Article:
However, “[r]edacted and sealed submissions are routinely used in cases involving sensitive medical information.” Anonymous v. Medco Health Sols., Inc., 588 F. App'x 34, 35 (2d Cir. 2014) (rejecting the contention that a plaintiff's medical condition and its effect on career prospects justified the plaintiff's request to proceed anonymously). Just as in Medco Health, the plaintiff's concerns about the private nature of his medical information and its potentially negative impact on his career can be sufficiently addressed through the alternative mechanism of redaction and sealed submissions.[1] Particularly in light of these alternative procedures for maintaining the plaintiff's privacy, the plaintiff's prediction that his economic prospects may be diminished is not a sufficient basis to permit the plaintiff to proceed anonymously here. See Abdel-Razeq v. Alvarez & Marsal, Inc., No. 14-cv-5601 (HBP), 2015 WL 7017431, at *4 (S.D.N.Y. Nov. 12, 2015) (concluding that potential lost opportunities to serve as an expert witness was “not a compelling reason to grant [a motion to redact retroactively a defendant's name or replace it with a pseudonym] because [the movant] has not demonstrated any real, non-speculative, impact on her professional prospects, ” and observing that “courts have consistently rejected anonymity requests predicated on harm to a party's reputational or economic interests”); Guerrilla Girls, Inc. v. Kaz, 224 F.R.D. 571, 573 (S.D.N.Y. 2004) (denying a request to proceed anonymously because “the only injury that defendants allege they will suffer if they are forced to reveal their true identities is economic injury, and they do not make clear either the nature of the harm or the likelihood that it will occur”).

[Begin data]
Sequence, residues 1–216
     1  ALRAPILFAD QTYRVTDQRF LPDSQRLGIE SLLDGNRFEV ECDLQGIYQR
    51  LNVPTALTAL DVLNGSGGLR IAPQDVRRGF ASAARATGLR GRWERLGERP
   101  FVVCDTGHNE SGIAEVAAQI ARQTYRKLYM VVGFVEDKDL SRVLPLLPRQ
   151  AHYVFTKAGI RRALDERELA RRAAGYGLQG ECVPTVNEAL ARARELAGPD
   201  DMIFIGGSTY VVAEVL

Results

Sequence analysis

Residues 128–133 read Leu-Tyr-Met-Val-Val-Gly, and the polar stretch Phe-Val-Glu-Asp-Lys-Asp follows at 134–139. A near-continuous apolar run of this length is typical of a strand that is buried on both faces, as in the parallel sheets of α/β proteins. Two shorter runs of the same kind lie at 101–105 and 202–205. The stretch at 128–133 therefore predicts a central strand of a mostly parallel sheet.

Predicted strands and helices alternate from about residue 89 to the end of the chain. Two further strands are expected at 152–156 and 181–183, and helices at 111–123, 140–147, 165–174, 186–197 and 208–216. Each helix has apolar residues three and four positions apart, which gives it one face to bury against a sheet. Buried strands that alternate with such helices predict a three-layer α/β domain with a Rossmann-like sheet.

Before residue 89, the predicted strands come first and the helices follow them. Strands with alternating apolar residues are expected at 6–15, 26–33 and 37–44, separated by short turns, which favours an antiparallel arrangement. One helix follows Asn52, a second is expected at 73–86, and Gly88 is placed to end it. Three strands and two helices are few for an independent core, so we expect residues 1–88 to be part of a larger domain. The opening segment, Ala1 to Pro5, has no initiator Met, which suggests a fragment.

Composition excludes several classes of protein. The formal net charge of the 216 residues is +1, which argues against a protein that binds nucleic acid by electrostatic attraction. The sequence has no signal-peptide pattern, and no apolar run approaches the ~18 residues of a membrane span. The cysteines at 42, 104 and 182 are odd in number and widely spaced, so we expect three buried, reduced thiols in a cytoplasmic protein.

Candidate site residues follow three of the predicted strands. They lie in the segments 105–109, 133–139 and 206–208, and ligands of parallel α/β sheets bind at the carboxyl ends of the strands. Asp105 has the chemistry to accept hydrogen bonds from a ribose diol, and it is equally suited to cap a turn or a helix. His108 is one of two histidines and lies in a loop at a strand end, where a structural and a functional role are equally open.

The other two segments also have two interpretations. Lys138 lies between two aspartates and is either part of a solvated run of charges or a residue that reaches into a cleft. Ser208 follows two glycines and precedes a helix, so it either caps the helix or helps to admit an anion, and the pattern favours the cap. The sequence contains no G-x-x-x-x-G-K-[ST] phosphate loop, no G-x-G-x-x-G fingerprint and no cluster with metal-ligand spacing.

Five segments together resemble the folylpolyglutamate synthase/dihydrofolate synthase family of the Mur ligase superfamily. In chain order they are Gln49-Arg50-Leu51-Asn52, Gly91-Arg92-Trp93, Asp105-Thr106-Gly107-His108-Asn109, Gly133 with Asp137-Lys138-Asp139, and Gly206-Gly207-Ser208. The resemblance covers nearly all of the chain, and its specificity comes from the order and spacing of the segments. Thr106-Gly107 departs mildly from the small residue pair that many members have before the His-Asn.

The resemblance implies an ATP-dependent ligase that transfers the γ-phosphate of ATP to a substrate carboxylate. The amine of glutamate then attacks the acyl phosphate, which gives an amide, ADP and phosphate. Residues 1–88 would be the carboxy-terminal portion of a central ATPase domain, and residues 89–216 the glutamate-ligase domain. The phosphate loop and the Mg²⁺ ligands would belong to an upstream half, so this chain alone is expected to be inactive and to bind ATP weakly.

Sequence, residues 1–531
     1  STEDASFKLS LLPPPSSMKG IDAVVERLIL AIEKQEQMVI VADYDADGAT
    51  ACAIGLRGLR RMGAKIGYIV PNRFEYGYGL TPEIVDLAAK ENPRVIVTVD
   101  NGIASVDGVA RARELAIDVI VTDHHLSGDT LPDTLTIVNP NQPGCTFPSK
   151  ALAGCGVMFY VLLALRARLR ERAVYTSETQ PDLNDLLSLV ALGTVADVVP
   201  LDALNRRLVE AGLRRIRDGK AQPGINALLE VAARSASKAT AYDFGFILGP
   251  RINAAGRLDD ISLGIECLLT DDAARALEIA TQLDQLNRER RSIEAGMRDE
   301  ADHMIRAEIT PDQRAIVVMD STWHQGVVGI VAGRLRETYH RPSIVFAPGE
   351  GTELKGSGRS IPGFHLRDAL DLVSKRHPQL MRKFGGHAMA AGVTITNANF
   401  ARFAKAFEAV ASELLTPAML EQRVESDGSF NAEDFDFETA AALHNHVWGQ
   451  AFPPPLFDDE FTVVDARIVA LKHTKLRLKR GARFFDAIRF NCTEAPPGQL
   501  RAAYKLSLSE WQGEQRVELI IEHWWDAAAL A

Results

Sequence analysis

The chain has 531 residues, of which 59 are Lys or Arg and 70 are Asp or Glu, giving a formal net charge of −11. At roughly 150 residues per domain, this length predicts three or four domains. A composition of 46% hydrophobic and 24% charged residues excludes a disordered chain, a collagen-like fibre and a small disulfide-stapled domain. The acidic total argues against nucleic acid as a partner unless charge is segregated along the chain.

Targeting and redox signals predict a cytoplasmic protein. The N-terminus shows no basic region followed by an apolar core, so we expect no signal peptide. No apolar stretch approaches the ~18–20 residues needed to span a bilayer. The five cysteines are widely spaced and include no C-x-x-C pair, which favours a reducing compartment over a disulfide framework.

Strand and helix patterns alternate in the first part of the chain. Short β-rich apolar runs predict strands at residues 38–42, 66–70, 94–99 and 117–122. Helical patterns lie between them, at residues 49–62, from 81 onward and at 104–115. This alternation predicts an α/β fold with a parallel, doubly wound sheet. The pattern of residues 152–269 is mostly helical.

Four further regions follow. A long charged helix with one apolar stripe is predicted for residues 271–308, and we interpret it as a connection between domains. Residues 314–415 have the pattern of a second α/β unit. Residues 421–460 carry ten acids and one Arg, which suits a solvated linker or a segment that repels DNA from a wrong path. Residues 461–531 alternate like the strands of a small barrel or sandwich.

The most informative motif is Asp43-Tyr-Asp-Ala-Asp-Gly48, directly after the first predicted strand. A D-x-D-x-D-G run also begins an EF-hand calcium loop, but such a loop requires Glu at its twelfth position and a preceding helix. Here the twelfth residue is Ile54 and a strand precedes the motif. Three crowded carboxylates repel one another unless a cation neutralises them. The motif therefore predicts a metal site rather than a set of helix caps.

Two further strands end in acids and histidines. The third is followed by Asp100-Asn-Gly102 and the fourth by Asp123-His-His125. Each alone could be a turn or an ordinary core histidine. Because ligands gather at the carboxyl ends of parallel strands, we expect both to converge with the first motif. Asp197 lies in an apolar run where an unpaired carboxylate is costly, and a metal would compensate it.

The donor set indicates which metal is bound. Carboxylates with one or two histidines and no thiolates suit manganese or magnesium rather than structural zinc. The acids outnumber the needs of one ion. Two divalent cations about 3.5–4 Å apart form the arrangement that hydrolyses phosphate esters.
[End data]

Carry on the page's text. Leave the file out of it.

The plaintiff references a potential harm to innocent non-parties -- his clients -- and asserts that he has non-disclosure agreements with certain clients such that “the public disclosure of their names would cause significant harm to their privacy rights.” But the issue of whether the plaintiff should be required to proceed in this litigation under his own name is separate and apart from the issue of whether the plaintiff must disclose his clients' identities in court submissions. Indeed, any issue with the plaintiff's clients' identifying information can adequately be addressed through redaction and sealed submissions.